— You seriously want me to wear this?

— Yes!

— Seriously?

— Please?

— In public?

In a bank, I took her picture as she leaned over the counter and made a withdrawal from her checking account — five dollars, because she only had ten dollars in her account total. Then, to the L-train, where we rode all over the city. She stood holding the ropes while I photographed her. She sat down in a crowd while I photographed her.

— Look like you're remembering your grandmother.

— Did you have to include Ben-Gay if this is for a photograph series?

— Doesn't it smell like her?

— Maybe yours. Mine always smelled like lemon cleaner, and cigars. My grandfather was heavy into cigars.

— I could spray you down with lemon cleaner.

— No.

Nicole was a painter, and like all painters, she believed in the purity of her form. She traced the strokes of her brush all the way back to Caravaggio, and had little real respect for the madcap, rogue art of people like me, with my weavings and my photographs, made and found things.

The photos were all taken with a crazy old camera I had gotten off e-Bay. They came out distressed, over-lit, and full of character. I watched Nicole emerging from chemistry beneath the red light. I considered telling her that I was in love with her, but I thought better of it, because maybe she was straight. It's hard to know these things when you want something to be true. She wasn't around when I came out of the dark room, so I didn't say anything.

I guess the pictures came out all right. I got a B on the assignment. The sweater is still in my closet. I hung it up next to a sweater my own grandmother made for me when she was still alive. She was a master of knitting needles. She had sewn me a black sweater with a human skull on the chest, big as a giant's head. I wore that sweater all the time. I learned how to weave and sew and knit because I needed to learn how to repair my grandmother's sweater. I wore it every chance I had.

She had given it to me to keep me warm when I was out late at night with my friends. I was a stoner, and I listened to death metal because the people around me listened to death metal. That sweater was like a calling card, and every compliment I got for it from all the strange people I met late at night, or in someone's basement, or at a club that ignored my fake ID, was like a compliment for my grandmother. They reminded me of her, even when I was out late.

My grandmother was a single mom, in Ohio. She worked at a library and lived with her unmarried sister. My mother told stories of what it was like to have two Jewish mothers. When I knew my grandmother, she was an imp in an electric wheel chair. She joked about chasing down her philandering boyfriends. She knitted strange and obscure relics of yarn — golden teddy bears with menorahs on their chest, mittens with eyes and teeth she called closet monsters, and a sweater my mother wore with an actual, honest-to-god, optical illusion on the chest made out of circles and squares all mixed up. My grandmother had been a librarian. She was funny and sweet and kind. She let me drink coffee with cream and sugar when my mother wasn't looking. When I came out of the closet she patted my hands and said, Oh? Are you sure? I know a nice boy at Temple with very small hands. Feminine hands. Put him in a dress, you might never know. Nice legs, too. What else could I say about my grandmother except this: I want to remember her. I want to remember her forever.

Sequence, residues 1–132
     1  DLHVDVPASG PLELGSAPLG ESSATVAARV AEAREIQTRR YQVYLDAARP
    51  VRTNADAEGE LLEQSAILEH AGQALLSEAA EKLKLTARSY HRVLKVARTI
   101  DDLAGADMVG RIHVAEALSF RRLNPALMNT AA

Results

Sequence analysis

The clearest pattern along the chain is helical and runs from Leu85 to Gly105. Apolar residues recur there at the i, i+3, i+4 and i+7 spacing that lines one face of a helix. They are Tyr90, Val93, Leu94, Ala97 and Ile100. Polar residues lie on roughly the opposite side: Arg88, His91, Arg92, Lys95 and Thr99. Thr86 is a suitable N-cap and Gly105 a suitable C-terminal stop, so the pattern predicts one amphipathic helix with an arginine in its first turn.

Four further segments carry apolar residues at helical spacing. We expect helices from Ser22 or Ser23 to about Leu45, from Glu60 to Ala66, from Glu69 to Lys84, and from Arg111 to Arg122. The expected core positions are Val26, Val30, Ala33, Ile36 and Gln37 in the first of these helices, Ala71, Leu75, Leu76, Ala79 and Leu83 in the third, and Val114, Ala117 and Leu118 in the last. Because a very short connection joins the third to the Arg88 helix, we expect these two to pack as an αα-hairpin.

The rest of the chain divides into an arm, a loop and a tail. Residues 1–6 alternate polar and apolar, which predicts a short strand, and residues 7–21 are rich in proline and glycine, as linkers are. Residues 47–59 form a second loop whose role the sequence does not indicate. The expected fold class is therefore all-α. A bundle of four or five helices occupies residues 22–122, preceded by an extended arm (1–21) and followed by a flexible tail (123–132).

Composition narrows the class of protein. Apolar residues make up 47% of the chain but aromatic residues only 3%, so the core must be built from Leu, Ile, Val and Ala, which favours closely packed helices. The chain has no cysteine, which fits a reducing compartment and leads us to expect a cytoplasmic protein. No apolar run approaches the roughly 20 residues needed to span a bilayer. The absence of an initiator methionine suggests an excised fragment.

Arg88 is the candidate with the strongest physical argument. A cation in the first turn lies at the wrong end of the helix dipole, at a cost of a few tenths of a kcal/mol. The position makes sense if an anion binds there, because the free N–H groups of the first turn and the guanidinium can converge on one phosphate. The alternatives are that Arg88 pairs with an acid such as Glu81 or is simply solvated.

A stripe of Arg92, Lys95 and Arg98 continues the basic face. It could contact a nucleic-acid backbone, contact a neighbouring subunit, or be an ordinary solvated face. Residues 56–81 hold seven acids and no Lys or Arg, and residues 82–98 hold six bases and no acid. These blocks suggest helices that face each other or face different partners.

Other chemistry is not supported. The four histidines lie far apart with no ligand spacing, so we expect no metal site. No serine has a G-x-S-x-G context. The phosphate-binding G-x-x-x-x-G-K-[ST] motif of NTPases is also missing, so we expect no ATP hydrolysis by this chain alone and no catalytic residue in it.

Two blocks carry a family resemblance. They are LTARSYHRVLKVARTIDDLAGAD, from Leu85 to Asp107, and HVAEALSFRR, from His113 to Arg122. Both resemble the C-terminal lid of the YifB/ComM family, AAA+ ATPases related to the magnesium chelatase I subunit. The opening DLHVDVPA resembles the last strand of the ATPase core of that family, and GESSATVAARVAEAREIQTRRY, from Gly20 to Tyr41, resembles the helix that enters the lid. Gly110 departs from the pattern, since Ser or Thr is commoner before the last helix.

And, I want to remember Nicole, remembering her grandmother in my art.

I kept the pictures in my purse. I wandered around the campus, carrying the photographs. I imagined running into Nicole and gracefully showing her the photographs and she'd be so impressed. She'd say something like Wow, that's me? Heh, looks good. All right. Or maybe she'd say, Fuckin' A! I bet you're going to rub them in Ben-Gay and pumpkin pie spice, right?

Anyway, I walked around and imagined what she'd say. I didn't run into her that day. I guess she was in the studio. I ran into her when I didn't have anything in my purse to show her. I had to turn in the assignment. She was in a flowing skirt, with a tight tank top and she looked so fucking hot I could have jumped her bones right there, on the sidewalk. Was it love? Was it lust?

— Hey! Where are you going right now?

— Class. Hey, you know those pictures we took?

— What? Oh, show me later. Where are you going right now?

— Class.

— Well, skip it. Come on, I want to show you something fucking eternal.

She took me by the arm, and took me to this office building, downtown. In the lobby, the company had made art purchases of Jacques de Gheyn II. These were all still lifes: flower paintings with tiny, detailed lizards running over the table, with butterflies and fresh fruit and a Portuguese pomegranate cracked in half, red as pulp and so wet you'd think you could reach out and pluck the little, juicy seeds from the canvas. It smelled like fruit and flowers. The artist had captured the veins of the pomegranate and flowers so well that they gave off the beautiful scent.

Businessmen walked past us on their way to work. I think a security guard was eyeing us idly. But, they put it out in their lobby, supposedly for people to see.